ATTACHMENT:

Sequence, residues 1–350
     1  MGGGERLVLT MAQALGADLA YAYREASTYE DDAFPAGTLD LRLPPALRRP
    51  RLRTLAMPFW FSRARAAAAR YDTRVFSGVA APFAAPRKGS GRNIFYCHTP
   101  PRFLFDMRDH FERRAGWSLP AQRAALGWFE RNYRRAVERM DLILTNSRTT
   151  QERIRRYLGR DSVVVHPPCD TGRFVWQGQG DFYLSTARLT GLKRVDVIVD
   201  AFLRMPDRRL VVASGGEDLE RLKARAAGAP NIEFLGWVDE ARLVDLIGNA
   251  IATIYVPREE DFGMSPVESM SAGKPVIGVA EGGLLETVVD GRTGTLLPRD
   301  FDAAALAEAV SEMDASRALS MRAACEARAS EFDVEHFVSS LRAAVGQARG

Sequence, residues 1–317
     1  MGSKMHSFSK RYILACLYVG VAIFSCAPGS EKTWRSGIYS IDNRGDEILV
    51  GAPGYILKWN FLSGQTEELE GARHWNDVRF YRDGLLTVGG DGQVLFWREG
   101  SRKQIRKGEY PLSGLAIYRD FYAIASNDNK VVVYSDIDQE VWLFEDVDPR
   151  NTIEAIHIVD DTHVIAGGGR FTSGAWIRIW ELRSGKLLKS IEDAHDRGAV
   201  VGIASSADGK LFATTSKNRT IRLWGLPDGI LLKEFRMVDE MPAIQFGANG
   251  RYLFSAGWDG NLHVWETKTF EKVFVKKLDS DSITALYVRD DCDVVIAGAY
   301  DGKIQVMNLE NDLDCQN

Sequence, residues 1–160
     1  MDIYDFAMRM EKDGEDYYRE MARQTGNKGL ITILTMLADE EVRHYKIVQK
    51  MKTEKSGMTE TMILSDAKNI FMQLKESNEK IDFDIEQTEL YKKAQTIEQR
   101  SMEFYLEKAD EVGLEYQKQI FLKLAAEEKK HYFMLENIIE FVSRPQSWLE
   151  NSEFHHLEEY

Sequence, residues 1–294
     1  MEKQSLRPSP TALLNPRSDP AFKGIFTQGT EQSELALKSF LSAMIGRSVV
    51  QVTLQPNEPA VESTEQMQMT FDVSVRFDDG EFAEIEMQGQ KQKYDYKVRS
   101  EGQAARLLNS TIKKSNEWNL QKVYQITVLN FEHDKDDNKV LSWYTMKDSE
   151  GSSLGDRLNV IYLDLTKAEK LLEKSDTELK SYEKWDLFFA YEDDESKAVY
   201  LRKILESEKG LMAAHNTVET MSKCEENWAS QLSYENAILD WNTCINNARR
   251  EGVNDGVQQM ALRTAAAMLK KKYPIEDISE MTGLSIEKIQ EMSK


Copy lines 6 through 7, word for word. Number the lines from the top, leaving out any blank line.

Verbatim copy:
   201  AFLRMPDRRL VVASGGEDLE RLKARAAGAP NIEFLGWVDE ARLVDLIGNA
   251  IATIYVPREE DFGMSPVESM SAGKPVIGVA EGGLLETVVD GRTGTLLPRD